Emily Kiser has been Michigan's "silent assassin" throughout the beginning of the season. Tess Crowley/Daily. Buy this photo.

Graduate forward Emily Kiser’s success has always come quietly.

Last season, she occupied the frontcourt with generational star Naz Hillmon, so her accomplishments largely went unnoticed. She posted a career-high 16 rebounds in a crucial victory over Indiana, boosting Michigan to first place in the Big Ten at the time. But, as was often the case, Hillmon’s performance stole the spotlight.

Now, without Hillmon, Kiser’s accomplishments are even greater, yet they are still done on the quiet side. She reaches milestone scoring feats — such as marking and tying a career-high at 25 points both against Saint Francis (PA) and Western Michigan — without drawing much attention. Michigan coach Kim Barnes Arico called her a “silent assassin” after the Saint Francis game, noting that even she didn’t realize Kiser had a career night until seeing the box score.

But that’s exactly what Kiser’s efficiency in the paint allows her to do. She catches the ball close to the basket, takes a step or two and finishes quickly off the glass, often leading to impressive stat sheet numbers that don’t really draw focus during fast-paced games.

“I think it is her style of play that you don’t even realize that it’s happening,” Barnes Arico said Wednesday after the win against Western Michigan. “She’s just involved in so many things that you don’t really see her as just getting the ball and we’re just feeding her the ball. She’s a great passer. She gets other people involved. She’s a great rebounder. She’s a great defender. She’s affecting the game in so many other ways.”

Like Barnes Arico acknowledged, Kiser isn’t only a scoring threat this season. She’s averaging 21.7 points per game, but her passing also facilitates the offense. Barnes Arico praises her as one of the best passers on the team. Kiser’s court vision — in combination with her height and reach — allows her to find her teammates in the post or on backdoor cuts.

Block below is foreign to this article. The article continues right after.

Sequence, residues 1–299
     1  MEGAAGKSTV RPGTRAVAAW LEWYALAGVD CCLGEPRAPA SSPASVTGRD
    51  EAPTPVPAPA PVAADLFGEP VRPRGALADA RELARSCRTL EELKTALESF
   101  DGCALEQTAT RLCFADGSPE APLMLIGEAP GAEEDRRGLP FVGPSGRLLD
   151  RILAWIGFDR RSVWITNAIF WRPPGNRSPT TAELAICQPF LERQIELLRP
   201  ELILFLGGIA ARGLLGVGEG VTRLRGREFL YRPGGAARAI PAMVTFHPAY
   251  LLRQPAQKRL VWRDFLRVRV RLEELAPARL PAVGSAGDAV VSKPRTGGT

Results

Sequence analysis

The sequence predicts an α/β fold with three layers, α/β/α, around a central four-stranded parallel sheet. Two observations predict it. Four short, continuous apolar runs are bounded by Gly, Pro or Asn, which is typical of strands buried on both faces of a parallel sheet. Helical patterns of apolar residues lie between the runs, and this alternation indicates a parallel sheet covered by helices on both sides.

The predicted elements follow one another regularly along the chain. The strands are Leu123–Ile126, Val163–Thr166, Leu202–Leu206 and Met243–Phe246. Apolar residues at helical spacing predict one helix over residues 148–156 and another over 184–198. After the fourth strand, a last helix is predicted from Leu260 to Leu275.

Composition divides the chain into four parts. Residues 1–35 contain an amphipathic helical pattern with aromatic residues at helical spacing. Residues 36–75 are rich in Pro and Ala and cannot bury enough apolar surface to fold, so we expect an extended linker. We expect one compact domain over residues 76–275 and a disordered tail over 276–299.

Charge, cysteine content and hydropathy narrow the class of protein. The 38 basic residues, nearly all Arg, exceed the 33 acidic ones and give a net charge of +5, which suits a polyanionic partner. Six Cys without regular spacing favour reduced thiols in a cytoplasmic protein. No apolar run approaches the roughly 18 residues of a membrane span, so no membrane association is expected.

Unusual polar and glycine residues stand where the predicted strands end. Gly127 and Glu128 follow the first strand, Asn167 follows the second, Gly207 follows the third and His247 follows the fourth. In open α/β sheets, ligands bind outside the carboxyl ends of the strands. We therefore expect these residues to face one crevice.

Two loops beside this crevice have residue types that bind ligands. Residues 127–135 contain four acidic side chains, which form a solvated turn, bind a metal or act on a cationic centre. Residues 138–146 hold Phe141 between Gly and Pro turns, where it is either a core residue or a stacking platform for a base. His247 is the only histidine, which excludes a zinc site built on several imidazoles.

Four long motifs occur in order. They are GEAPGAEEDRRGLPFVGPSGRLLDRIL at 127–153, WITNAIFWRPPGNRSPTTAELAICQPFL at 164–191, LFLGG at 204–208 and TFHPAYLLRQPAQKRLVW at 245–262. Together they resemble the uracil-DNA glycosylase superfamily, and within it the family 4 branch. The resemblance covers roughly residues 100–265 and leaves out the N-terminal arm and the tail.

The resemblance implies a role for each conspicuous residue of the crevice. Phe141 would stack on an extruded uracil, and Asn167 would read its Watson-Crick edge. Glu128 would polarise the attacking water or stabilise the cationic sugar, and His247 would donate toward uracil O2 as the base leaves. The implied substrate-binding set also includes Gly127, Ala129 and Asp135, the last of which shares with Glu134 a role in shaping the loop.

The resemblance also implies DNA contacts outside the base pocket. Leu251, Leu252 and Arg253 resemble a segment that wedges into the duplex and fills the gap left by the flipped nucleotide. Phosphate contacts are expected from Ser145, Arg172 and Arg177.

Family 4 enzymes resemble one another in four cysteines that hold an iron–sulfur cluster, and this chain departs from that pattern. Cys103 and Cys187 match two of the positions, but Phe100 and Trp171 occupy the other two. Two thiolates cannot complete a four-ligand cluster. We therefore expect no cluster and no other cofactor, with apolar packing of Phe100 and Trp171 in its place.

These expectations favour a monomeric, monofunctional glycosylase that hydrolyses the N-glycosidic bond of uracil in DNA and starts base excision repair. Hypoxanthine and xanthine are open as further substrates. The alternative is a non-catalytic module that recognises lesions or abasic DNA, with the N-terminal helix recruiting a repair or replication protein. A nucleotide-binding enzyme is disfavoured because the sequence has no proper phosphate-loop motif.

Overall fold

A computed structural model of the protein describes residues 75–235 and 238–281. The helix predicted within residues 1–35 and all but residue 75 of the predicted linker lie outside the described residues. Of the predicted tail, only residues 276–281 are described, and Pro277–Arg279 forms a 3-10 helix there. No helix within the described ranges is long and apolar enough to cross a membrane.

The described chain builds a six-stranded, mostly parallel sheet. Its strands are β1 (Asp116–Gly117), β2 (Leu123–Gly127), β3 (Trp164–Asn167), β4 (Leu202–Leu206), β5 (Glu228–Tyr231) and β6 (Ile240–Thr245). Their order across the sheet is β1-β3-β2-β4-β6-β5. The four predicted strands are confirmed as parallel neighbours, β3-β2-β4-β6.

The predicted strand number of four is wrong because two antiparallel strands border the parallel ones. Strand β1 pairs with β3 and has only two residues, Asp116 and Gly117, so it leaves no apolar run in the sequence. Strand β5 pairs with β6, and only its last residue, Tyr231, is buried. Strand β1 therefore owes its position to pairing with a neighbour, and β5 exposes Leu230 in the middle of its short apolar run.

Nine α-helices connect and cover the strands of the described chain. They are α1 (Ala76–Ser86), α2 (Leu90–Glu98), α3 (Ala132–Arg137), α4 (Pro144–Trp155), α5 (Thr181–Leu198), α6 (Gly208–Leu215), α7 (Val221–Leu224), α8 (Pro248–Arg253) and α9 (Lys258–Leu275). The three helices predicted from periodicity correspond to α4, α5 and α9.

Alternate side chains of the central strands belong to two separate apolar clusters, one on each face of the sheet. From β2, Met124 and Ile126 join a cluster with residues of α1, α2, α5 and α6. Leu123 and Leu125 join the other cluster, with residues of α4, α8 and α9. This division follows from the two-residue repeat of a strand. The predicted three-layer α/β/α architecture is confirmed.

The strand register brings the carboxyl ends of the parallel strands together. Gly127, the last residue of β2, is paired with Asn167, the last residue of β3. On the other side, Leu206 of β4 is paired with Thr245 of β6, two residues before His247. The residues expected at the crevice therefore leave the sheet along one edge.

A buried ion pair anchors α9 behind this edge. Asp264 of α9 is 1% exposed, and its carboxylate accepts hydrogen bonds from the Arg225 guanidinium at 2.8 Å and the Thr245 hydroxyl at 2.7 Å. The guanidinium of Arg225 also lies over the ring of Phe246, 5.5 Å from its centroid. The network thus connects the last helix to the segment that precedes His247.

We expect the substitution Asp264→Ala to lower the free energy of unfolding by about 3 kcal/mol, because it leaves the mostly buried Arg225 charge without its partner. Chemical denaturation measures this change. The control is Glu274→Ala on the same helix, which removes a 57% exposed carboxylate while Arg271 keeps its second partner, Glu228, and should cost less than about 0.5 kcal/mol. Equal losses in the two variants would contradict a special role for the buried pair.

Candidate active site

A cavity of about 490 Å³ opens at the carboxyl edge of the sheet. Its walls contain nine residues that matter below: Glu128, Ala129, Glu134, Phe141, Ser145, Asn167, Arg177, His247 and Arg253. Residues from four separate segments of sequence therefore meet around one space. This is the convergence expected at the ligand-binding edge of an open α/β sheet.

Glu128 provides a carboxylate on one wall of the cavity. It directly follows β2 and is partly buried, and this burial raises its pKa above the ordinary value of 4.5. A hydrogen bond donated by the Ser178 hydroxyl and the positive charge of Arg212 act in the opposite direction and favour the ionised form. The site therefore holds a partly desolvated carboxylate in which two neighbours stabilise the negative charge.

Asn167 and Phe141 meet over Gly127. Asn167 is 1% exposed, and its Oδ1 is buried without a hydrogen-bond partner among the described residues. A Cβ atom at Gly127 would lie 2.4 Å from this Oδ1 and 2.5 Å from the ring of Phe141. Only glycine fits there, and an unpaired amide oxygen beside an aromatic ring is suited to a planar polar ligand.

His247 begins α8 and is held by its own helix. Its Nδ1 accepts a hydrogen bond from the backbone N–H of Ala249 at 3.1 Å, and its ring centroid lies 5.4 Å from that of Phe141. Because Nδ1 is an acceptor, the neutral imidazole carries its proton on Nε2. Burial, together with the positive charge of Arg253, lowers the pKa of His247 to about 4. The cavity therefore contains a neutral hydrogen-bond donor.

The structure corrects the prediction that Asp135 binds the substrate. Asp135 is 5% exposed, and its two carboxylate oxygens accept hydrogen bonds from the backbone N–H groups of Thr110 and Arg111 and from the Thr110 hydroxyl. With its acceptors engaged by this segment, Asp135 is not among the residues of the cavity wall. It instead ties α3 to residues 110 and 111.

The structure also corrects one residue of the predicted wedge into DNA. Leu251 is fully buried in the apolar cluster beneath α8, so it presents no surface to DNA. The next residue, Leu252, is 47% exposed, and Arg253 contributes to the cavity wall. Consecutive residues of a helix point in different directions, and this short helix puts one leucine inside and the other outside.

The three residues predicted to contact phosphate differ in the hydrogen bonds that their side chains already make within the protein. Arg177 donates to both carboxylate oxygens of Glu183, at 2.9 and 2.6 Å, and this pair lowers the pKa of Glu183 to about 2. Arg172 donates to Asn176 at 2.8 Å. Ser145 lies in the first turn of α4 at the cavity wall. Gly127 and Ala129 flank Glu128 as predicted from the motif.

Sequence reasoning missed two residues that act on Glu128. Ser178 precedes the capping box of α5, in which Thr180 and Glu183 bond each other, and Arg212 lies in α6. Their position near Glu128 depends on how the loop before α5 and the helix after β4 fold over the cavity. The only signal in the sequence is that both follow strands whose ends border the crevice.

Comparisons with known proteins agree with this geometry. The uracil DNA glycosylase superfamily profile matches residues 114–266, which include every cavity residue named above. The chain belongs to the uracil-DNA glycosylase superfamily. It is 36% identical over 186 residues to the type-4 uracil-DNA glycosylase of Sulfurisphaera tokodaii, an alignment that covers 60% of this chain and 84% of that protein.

“I think in a lot of the offensive sets we run, I get put in that position quite a bit to deliver some of those passes,” Kiser said. “I knew what we were looking for, just because (Western Michigan) play(ed) a switching defense. It’s really important to know where people are going to be before they’re there.”

Kiser’s anticipation of her teammates’ movements was especially apparent against Western Michigan. She found them in the paint on cuts to the hoop or on the perimeter lined up for 3-pointers, tallying a team-high eight assists in the process, taking on the role of “point forward.”

“Emily has a super high basketball IQ, and I think you saw that not only this game, but all the games,” senior guard Maddie Nolan said. “With her assists, knowing when to shoot it, when to pass it out. And you see it on defense every night, but I think that’s a big aspect of her game that doesn’t necessarily always get attention.”

Kiser’s high basketball IQ is partly a product of spending three years primarily on the bench, learning from the great post players before her in Hillmon, Halle Thome and Hailey Brown. She is a student of the game, and that knowledge is now helping her pass the tests necessitated by a starting role.

Against Western Michigan, Kiser’s offensive production accounted for over one-fourth of the Wolverines’ 99 points. Her assists accounted for 18 points, and she had seven offensive rebounds. If she continues this scoring clip, Kiser will soon be hard to ignore.

Soon, she will start drawing the double-teams that were reserved for Hillmon last year, much like she did against the Broncos on Wednesday. Those double-teams should allow Kiser to further open Michigan’s perimeter offense with her passing.

“Early in the second quarter, they started doubling her because she started the game on fire,” Barnes Arico said. “And then we talked about … skip it to your shooter, and then Maddie was able to get going. So I think when you have an inside presence like that, that is calling for a double team — which they were after Emily got hot — it opened things on the outside for us.”

Kiser has had three straight dominant performances to start the season, however quietly they may have come. And while Nolan, sophomore guard Laila Phelia and fifth-year guard Leigha Brown are mentioned as players to watch in the Big Ten, Kiser’s name is still undervalued.

But that may be a blessing for Michigan. The Wolverines — a team that loves the underdog mentality — have been overlooked this season. And Kiser especially so. 

If her production continues at her career-best rate, though, she won’t be overlooked much longer — even if her scoring continues to show up on the stat sheet quietly.